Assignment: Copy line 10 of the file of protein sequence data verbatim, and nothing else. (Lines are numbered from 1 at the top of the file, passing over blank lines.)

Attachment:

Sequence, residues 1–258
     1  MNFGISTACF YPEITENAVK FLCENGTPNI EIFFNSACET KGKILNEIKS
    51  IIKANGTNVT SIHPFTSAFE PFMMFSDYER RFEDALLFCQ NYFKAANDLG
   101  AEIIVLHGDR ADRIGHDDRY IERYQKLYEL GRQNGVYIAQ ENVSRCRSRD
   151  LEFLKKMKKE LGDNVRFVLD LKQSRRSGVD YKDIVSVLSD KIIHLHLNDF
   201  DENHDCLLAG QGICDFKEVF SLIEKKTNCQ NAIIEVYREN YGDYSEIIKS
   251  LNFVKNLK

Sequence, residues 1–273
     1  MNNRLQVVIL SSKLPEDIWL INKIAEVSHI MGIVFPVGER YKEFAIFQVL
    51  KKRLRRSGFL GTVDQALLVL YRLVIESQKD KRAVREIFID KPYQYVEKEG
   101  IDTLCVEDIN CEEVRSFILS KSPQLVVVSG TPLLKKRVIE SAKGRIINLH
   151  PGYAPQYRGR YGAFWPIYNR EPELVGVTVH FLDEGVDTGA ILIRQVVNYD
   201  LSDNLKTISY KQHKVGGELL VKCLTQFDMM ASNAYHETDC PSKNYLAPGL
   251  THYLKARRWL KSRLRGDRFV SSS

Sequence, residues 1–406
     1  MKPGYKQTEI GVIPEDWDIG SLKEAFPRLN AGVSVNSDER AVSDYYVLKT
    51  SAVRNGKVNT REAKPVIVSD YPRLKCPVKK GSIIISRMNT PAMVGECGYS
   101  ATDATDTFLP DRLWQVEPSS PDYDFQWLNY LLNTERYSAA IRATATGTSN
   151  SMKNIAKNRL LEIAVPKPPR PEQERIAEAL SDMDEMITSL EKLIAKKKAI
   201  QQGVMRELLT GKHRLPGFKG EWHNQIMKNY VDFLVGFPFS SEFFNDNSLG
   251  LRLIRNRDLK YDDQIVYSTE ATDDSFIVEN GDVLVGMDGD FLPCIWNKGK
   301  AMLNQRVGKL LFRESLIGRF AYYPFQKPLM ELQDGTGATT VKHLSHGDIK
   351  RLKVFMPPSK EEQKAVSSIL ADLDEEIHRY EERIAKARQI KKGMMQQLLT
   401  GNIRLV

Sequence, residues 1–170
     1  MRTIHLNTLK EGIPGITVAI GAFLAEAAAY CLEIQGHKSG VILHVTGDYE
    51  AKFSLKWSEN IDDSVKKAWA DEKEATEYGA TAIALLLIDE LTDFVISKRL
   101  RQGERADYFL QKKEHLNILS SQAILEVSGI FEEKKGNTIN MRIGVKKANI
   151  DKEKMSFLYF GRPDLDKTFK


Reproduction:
    51  KKRLRRSGFL GTVDQALLVL YRLVIESQKD KRAVREIFID KPYQYVEKEG